The substrings of a SCDAWG index could also be used to train models for text classification tasks. A similiar approach, which uses maximal substrings of a suffix tree and led to promising results, had been persued in Okanohara and Tsujii (2009). As stated in Section 2 the two-sided closures, which form the nodes of the SCDAWG, represent more natural infixes than those of a suffix tree or DAWG. Therefore they may render descriptive features which still are not restricted to fixed word boundaries. To find optimal features in the substrings of a SCDAWG of a corpus again metadata can be used to find longest or shortest substrings which occur only in a certain instance of a metadata attribute. For example the longest/shortest substrings which belong to the author “Goethe” can be used as features to train a text classification model with regard of this metadata attribute.


In this paper we have shown how symmetric compact acyclic word graphs (SCDAWGs) can help to efficiently mine interesting portions of texts in corpora, which serve as a basis for many ways of comparing texts like alignment and the detection of text reuse (Section 4). These findings can be refined by adding a form of “linguistic analysis” where “phrases”, “subphrases”, “function words”, and “important content words” (characteristic atomic kernels) are computed in an unsupervised way without using prior linguistic knowledge (Section 5). If metadata for the texts in the collection are available, additional information stored in the index and the above techniques give a basis for finding similarities in the space of metadata (Section 6).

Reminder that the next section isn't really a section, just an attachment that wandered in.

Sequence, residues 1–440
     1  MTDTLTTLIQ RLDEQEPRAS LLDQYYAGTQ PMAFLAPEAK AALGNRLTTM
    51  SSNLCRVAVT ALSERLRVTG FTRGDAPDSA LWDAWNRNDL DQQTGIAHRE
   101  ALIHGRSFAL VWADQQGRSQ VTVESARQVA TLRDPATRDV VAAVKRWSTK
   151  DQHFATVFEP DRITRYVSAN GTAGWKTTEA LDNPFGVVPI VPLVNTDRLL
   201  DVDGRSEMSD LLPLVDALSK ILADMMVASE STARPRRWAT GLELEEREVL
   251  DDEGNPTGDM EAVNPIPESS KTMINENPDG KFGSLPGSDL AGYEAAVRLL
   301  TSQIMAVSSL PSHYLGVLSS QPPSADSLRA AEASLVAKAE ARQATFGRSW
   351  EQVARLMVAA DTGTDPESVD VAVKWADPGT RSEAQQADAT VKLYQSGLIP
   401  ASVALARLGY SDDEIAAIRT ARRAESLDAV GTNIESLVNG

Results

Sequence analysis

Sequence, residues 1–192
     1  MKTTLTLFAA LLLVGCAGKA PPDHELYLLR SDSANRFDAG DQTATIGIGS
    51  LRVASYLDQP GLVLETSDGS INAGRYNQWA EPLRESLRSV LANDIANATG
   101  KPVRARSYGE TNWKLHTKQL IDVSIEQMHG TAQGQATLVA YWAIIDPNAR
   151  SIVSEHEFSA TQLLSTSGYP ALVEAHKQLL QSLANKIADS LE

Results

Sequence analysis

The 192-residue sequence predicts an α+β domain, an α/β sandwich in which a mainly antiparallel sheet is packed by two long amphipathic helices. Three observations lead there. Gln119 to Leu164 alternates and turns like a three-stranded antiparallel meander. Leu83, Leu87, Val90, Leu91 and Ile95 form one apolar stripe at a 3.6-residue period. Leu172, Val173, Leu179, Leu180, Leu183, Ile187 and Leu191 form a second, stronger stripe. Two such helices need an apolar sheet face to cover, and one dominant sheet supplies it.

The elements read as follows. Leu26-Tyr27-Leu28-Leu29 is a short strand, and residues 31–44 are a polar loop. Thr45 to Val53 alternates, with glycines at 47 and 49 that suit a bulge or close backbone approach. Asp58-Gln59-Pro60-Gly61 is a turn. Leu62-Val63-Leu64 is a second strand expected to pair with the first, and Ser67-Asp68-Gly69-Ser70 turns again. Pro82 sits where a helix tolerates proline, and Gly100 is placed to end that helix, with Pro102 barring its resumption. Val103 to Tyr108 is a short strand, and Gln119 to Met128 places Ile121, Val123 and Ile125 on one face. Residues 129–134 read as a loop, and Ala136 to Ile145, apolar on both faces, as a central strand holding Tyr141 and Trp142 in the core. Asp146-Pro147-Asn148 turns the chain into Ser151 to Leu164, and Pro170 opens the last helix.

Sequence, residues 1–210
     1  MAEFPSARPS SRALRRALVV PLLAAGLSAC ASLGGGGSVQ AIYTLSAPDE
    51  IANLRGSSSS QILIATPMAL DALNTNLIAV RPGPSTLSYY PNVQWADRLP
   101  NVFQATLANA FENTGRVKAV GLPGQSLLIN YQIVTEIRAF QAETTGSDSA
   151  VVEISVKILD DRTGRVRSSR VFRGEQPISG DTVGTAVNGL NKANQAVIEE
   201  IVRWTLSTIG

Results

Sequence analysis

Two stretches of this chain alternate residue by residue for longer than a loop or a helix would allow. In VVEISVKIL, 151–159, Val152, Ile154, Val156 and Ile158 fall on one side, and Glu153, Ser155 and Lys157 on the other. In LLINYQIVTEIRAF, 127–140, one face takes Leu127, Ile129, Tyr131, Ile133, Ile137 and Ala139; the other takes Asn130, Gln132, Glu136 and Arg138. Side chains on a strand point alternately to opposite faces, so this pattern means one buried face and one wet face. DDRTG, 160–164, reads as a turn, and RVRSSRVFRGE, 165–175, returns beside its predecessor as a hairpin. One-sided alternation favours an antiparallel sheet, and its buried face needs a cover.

Of course many of the here mentioned techniques would require more detailed analysis and comparsion with other existing methods. However this was not the purpose of this paper, since its focus didn't lie on the development and description of a certain method but rather on showing how manifold and versatile the application of such an index can be to the task of large scale corpus exploration. In many cases, various variants exist for the concrete methods used in our examples. When moving to real applications, experts from Digital Humanities are needed to find those variants that are most adequate and lead to real insights.